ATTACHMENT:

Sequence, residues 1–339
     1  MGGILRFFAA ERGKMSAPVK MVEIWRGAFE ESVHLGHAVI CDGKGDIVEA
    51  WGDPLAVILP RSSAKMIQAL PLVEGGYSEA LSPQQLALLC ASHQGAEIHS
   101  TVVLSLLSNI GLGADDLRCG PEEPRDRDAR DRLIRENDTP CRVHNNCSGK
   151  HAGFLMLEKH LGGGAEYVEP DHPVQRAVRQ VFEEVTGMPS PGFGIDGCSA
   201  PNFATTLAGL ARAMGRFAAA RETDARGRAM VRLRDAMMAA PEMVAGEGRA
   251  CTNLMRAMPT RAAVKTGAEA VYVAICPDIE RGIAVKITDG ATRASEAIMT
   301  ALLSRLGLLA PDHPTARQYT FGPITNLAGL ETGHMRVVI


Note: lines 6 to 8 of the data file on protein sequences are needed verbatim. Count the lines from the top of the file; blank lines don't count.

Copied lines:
   201  PNFATTLAGL ARAMGRFAAA RETDARGRAM VRLRDAMMAA PEMVAGEGRA
   251  CTNLMRAMPT RAAVKTGAEA VYVAICPDIE RGIAVKITDG ATRASEAIMT
   301  ALLSRLGLLA PDHPTARQYT FGPITNLAGL ETGHMRVVI